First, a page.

Following a near fatal freak accident with our sweet permanent ratty rescue Becky, we decided to produce a short article as to what you need to look out for when keeping small furries – not just ratties.
The following may be a bit harrowing but we feel it is necessary to highlight the dangers that you don’t even think of for your furry friends…
I have always warned people how tatty, holey hammocks can be dangerous to your rat – how many of us have had a ratty that has got his or her leg or a long claw caught in the torn lining and hurt their foot or been left hanging there by a claw?
I always check my hammocks before putting them in the cage and Becky’s one had a tiny hole in it. However, that didn’t stop her having a terrible accident.
One night as I went to feed her, she leapt forward in her hammock to grab her food and got her head stuck in a hole. She struggled which made it worse and in the space of a moment, she was hanging out of the hammock with her head still stuck in the hole.
She was being strangled to death. Blood started pouring from her nose and mouth (the vet later told me it could have been where she bit her tongue or a burst blood vessel). I managed to cut her free after what seemed like ages and she flopped on to her side in her cage.
We quickly put her in a warm box and kept stroking her to stop her going in to shock.
Thankfully, within a few hours she was back to normal. Our nerves didn’t recover that quickly.
No matter how vigilant you are, free roaming rats can get in to all sorts of mischief. Sadly, I have heard of rats being electrocuted and dying when biting through live wires.
A friend left her two boys free roaming in her lounge as she always did and went off to do the washing up. When she came back after literally five minutes, one of the boys had got himself twisted up in the beading of the vertical blinds on a window sill.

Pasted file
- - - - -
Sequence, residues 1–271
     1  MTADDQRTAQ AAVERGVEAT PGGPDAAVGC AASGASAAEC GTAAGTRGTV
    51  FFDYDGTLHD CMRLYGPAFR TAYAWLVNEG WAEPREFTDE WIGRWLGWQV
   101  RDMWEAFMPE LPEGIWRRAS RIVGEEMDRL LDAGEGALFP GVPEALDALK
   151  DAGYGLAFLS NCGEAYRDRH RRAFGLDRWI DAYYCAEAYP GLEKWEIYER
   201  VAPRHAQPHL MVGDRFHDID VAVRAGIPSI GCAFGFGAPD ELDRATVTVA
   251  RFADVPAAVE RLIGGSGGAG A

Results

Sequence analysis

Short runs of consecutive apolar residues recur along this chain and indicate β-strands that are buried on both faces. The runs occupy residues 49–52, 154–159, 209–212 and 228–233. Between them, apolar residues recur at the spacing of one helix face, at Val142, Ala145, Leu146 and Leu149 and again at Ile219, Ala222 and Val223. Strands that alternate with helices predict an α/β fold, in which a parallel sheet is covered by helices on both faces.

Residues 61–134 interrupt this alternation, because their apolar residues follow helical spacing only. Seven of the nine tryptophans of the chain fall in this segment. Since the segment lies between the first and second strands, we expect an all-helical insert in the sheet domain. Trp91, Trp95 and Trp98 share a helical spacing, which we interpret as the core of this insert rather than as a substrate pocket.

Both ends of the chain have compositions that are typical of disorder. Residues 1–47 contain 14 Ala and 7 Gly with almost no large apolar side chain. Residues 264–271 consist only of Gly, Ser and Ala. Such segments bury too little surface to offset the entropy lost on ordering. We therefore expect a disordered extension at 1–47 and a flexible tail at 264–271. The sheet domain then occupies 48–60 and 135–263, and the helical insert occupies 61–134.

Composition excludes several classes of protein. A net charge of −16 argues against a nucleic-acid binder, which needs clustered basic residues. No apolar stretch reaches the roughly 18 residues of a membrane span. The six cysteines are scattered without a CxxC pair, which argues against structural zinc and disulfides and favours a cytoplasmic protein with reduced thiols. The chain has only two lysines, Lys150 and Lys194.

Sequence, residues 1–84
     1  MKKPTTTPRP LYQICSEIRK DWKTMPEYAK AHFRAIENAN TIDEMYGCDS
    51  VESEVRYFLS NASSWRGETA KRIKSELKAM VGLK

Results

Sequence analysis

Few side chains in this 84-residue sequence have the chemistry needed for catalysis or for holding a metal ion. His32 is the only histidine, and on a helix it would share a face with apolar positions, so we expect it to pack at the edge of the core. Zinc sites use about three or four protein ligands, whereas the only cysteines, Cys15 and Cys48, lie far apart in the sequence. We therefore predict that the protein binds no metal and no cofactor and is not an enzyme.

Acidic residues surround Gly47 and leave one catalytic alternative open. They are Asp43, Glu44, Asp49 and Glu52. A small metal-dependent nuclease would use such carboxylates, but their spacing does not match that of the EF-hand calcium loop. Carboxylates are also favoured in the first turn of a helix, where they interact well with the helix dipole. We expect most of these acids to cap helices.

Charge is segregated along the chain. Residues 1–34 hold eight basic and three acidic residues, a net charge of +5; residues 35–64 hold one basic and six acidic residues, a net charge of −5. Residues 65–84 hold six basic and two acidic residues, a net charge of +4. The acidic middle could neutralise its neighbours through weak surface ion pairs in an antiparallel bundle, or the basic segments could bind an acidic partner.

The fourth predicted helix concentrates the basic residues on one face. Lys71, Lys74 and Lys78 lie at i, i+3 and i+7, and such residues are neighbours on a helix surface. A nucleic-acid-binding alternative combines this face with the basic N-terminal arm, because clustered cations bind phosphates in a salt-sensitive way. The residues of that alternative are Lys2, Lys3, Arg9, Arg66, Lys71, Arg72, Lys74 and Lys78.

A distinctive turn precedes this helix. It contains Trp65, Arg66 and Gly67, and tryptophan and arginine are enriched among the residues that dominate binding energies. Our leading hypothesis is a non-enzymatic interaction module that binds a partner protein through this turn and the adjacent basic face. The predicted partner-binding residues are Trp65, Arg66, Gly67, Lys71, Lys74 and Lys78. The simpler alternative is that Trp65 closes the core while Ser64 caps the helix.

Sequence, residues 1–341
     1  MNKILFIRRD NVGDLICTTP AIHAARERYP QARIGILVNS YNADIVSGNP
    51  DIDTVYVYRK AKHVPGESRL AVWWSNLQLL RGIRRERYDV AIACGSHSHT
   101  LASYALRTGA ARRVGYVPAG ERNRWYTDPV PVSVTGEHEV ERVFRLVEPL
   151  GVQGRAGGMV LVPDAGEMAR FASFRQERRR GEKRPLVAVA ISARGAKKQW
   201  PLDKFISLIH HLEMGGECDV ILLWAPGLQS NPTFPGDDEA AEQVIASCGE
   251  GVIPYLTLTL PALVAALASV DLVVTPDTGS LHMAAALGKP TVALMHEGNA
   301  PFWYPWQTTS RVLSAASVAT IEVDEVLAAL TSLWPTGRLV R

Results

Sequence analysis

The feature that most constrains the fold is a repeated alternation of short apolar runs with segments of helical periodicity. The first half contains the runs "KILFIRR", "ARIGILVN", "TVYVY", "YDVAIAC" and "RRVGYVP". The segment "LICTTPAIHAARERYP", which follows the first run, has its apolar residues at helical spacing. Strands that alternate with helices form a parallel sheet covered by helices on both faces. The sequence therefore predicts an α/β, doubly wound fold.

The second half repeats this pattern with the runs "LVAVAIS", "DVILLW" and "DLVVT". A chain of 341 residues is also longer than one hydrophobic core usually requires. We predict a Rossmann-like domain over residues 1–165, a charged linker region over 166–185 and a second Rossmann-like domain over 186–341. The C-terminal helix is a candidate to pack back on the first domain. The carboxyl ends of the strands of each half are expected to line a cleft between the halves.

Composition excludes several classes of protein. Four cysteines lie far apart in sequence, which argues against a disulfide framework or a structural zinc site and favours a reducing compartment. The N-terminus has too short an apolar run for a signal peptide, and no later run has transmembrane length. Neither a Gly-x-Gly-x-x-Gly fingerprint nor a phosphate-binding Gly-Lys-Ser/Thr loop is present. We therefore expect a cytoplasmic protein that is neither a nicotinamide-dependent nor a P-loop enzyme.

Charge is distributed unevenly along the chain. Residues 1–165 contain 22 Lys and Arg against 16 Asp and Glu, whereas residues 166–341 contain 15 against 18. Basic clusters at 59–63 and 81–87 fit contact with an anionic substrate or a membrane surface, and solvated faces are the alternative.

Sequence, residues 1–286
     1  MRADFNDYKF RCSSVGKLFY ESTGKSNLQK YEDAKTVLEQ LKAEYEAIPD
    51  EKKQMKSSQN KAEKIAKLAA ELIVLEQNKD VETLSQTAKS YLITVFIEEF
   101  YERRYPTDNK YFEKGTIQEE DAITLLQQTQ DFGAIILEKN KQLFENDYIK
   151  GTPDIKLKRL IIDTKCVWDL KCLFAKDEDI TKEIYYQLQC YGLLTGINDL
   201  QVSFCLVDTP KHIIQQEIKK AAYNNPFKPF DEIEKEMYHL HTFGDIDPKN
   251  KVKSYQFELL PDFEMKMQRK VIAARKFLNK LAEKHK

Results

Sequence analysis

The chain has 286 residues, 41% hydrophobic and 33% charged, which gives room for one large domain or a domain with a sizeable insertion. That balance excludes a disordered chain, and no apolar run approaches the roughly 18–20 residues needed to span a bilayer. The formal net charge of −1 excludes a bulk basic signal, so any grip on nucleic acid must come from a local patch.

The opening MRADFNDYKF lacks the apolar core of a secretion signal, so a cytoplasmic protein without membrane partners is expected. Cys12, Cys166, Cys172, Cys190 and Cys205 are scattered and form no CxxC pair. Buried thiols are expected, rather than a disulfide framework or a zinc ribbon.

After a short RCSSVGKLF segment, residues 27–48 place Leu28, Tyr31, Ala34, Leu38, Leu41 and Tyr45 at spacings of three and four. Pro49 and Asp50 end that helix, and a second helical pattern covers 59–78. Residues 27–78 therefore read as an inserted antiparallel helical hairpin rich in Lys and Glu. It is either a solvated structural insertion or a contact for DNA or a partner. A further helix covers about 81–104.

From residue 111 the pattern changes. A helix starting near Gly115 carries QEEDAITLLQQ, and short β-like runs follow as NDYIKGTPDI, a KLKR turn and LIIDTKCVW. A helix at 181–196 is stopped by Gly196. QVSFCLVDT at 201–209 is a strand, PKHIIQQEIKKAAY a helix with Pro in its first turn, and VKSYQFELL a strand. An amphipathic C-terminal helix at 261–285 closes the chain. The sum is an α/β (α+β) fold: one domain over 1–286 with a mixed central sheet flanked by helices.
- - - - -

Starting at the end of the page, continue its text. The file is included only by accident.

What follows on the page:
She found him panicking trying to get out of the beading and his panic was making it worse. She managed to free him by cutting through the beading and he was very shaken (as was she).
Big Hutch was a year and half old big lump of a rat here at CavyRescue. As he couldn’t climb very high, he had a plastic tube lying in the base of his cage where he liked to chill out sometimes or stash his food.
The end of the tube was slightly gnawed, not a problem, so we thought. However, one day when moving Hutch’s cage slightly whilst he was in there, the tube rolled over and a jagged edge of the tube severed the skin from his tail.
Hutch screamed in pain and there was blood everywhere. The nerves were exposed (imagine the pain he must have been in). We had his tail amputated and Hutch went on to live another 15 months, with no ill effects.
We are all careful when it comes to closing ratty doors (“Mind those noses and toeses”) but now always double check that they are secure following this very sad story.
A little rat managed to open a cage door a teeny wee bit and tried to get out. The poor girl was strangled to death.
Another very distressing story. A lady used to let her rats free range on her sofa and they soon made a home in there by gnawing a little hole (as ratties do). However, this poor ratty managed to get stuck in the springs of the sofa and died.
While rats have more intelligence than the whole of my street put together, when they get excited and play, they have the sense of danger of a two year old child. I have heard several harrowing stories of rats falling to their death from the top of their cage.
Make sure that you put loads and hammocks across your cage so that if a ratty falls, they have a soft landing.